This Spend Matters PRO First Take Analysis provides an overview of the capabilities Denali brings to WNS, key takeaways, an overview of procurement managed services and insight into select additional acquisition candidates that could contribute to further consolidation in this market.
Artificial Intelligence in Contract Management (Part 4: Natural Language Processing and Machine Learning)
In this final installment of our series on artificial intelligence in contract management, we turn our attention to natural language processing (NLP). In earlier posts in this series, I mentioned chatbots and the Turing test, both of which require NLP. I also mentioned machine learning and the process of classifying text to the domain-specific ontologies that model commercial knowledge. At this point, you may have wondered, “Yeah, but how the heck do I actually model and extract all of this knowledge out of our existing contract documents in the first place?”
In the last two installments of this AI in CLM — Artificial Intelligence in Contract Lifecycle Management — series of considerations for procurement practitioners, I introduced the topic and then dove into the concept of knowledge representation which discussed the importance of building a contract domain knowledge model in the form of a rich repository of contract clauses and related data (e.g., risks) and metadata – not just contract document artifacts. In fact, more broadly, you can think of concepts such as contracts, clauses, obligations, risks, remedies, milestones, suppliers, etc. as classes of “objects” that represent the knowledge of those physical/logical entities. These objects are increasingly richly classified, attributed, and interconnected (beyond traditional relational database models used in ERP-type systems), but making sense of them is where reasoning comes in.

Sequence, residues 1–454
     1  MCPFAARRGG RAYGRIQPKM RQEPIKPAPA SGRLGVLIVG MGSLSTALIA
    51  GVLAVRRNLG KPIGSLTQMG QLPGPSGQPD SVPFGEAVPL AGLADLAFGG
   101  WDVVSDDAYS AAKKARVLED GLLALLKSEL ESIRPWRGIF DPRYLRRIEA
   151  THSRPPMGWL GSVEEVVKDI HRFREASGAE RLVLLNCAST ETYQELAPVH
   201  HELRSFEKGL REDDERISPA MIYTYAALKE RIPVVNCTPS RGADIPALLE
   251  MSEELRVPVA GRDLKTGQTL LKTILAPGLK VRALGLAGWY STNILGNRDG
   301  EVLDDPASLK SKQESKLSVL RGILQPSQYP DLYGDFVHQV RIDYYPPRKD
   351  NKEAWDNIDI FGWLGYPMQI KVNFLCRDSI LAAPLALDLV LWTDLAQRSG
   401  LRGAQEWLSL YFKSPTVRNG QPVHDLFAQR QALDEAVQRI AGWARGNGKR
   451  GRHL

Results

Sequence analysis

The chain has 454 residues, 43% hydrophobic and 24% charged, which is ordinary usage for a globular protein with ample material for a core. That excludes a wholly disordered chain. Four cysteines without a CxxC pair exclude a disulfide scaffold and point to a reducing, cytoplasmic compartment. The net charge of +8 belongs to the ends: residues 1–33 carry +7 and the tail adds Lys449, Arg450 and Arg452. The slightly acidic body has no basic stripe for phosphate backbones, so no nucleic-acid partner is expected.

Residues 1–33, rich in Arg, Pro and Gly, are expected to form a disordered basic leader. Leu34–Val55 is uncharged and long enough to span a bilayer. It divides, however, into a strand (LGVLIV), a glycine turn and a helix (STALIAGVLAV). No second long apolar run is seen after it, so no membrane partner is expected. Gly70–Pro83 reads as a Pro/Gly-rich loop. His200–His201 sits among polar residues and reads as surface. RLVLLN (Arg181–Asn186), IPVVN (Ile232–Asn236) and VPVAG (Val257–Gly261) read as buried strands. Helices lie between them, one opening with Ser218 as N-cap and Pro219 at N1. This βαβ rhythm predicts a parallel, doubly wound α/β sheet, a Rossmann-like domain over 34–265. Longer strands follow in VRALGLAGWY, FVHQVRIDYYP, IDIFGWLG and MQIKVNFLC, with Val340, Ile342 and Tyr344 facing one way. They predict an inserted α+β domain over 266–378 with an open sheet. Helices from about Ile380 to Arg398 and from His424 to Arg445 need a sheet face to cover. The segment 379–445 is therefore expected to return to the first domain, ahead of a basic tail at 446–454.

In the first part of this series, I introduced the topic of artificial intelligence (AI) in contract management. Today, I’ll touch on AI itself and the first of its areas that will be highlighted in this series: knowledge representation. AI systems are computer systems that emulate (and even surpass) human intelligence needed to perform valued tasks. The Turing test for an AI expert system is whether it is indistinguishable from a human expert that is communicating via, say, a “chatbot” interface. An AI-based CLM system would therefore be able to embody the collective intelligence of contracting professionals (internal and/or outsourced) into computer systems used during ongoing contracting strategy, negotiations and monitoring.